April 24 - Amazon and Microsoft topped sales forecasts as both companies matched or exceeded low earnings predictions. Conway G. Gittens reports.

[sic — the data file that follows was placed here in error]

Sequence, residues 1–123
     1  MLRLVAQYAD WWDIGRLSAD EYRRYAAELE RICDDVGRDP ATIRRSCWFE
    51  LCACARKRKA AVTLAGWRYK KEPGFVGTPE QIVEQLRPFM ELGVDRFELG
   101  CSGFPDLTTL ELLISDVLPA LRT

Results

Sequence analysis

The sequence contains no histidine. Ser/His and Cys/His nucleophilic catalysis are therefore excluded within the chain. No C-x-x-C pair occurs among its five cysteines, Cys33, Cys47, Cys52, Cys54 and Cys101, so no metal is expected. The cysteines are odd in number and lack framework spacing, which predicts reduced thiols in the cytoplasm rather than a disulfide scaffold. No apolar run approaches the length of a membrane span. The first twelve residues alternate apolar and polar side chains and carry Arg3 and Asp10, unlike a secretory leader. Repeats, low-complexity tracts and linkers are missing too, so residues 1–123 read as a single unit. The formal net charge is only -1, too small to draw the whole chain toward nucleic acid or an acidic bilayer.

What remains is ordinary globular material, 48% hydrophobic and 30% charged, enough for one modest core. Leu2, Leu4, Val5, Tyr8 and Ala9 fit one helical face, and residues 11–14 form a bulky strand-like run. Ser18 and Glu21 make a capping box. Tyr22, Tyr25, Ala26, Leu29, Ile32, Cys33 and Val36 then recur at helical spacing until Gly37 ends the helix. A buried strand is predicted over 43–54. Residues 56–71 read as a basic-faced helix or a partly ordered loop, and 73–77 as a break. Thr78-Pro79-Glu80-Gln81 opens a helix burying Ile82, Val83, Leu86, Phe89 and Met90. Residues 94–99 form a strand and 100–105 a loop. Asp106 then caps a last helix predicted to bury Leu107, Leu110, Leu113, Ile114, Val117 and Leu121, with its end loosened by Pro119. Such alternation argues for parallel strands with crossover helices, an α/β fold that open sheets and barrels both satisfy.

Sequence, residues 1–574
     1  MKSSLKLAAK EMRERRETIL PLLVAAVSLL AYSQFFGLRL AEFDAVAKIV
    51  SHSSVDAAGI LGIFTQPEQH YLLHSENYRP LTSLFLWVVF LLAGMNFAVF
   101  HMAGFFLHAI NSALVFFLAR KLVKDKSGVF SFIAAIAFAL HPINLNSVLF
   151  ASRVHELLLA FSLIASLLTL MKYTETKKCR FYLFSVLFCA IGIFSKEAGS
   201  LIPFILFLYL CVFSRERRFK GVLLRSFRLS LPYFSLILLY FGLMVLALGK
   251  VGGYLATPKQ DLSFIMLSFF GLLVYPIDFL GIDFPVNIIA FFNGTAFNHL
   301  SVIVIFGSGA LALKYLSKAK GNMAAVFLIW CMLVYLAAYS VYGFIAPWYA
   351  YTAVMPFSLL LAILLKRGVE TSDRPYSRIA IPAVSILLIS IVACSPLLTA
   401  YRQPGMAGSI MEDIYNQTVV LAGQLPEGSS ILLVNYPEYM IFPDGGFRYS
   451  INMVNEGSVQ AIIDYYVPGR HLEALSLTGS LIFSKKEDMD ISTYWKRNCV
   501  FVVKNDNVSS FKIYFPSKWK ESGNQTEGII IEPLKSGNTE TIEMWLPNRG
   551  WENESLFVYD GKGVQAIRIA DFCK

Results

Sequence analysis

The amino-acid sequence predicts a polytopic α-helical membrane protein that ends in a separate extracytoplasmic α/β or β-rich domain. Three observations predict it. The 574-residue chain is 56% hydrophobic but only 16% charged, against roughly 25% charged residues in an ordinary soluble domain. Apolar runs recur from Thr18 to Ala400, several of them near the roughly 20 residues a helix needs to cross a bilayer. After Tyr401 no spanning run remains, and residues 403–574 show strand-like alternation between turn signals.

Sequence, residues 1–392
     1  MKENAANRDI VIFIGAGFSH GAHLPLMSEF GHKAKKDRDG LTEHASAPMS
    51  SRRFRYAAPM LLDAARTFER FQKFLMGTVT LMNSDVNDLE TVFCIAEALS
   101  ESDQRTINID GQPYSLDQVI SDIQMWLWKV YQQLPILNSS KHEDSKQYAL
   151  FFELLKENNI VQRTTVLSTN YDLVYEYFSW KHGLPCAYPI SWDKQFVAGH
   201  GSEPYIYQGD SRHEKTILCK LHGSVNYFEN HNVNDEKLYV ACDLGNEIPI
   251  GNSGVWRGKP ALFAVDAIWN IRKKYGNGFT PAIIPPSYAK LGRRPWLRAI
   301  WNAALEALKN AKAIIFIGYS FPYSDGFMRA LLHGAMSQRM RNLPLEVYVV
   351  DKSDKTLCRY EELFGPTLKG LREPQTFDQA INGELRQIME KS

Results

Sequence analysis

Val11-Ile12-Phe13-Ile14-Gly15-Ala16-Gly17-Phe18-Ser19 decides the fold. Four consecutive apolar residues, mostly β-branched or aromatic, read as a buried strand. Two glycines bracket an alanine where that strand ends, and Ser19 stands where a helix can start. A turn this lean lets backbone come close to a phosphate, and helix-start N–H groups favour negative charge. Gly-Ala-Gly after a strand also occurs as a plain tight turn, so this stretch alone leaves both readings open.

Amazon bounces back. Sales jump more-than-expected in the first quarter and earnings hit analysts' targets to the penny. The stock is down 15-1/2 percent year-to-date after falling short on results last go round. Revenues were up 23 percent thanks to North American retail operations, but profits are being held down by higher shipping and expansion costs. While the company gets a lot of attention for testing out delivery drones, media deals for its Kindle Fire and Fire TV devices, and the growing importance of its cloud business - at the end of the day - Amazon is a retailer and faces a number of hurdles on that front. No. 1 taxes. A new study shows that when Amazon is forced to collect taxes in a state, sales drop 10 percent. That's a new competitive threat Amazon has to address. Ben Schachter of Macquarie Securities: SOUNDBITE: BEN SCHACHTER, INTERNET ANALYST, MACQUARIE SECURITIES (ENGLISH) SAYING: "Unit sales continue to drift down. It went from 25 percent year-over-year growth in the fourth quarter to 23 percent in the first quarter and the stock did begin to trade off once that number was announced after hours. However, on the positive side, some of the revenue numbers were better-than-expected. The overall revenue growth was better than expected, so somewhat of a mixed quarter." Amazon also faces a growing challenge attracting international consumers because of foreign competitors like China's Alibaba. Microsoft's challenge: continuing the pivot away from dependence on the Windows operating system for PCs. Microsoft's key software unit continues to underwhelm, sales rising just four percent last quarter, as smartphones and tablets grab more market share. Weak Windows sales were not enough though to stop Microsoft from topping low sales and profit forecasts. The devices and consumer unit, which includes xBox and search engine Bing - claimed a 12 percent rise in sales. Even a Microsoft device once left for dead- the Surface- is helping Microsoft's transition beyond Windows into services and hardware, says Morningstar analyst Norman Young. SOUNDBITE: NORMAN YOUNG, ANALYST, MORNINGSTAR (ENGLISH) SAYING: "The good news is that they've been able to eek out a little bit of the gain. Some of that you can tag on to Surface sales. Surface sales for the quarter were approximately $500 million, which equates to probably about three-quarters of a million of Surfaces sold roughly. So that's good news that it looks like people are starting to adopt a little more of the Windows tablet strategy, but when you move over to the commercial segment, that is the more encouraging news." And Young says new CEO Satya Nadella is on the right track. SOUNDBITE: NORMAN YOUNG, ANALYST, MORNINGSTAR (ENGLISH) SAYING: "The big announcement the other week was that, during their build conference, was that they are going to start giving away the Windows operating system for any device including smartphones and tablets that has a screen less than nine inches. That's huge and that really takes away the pricing advantage that Android had for smart phones." Shares of Microsoft, jumped after hours, adding to the stock's modest gain since the start of the year and the eight percent gain since Nadella took over.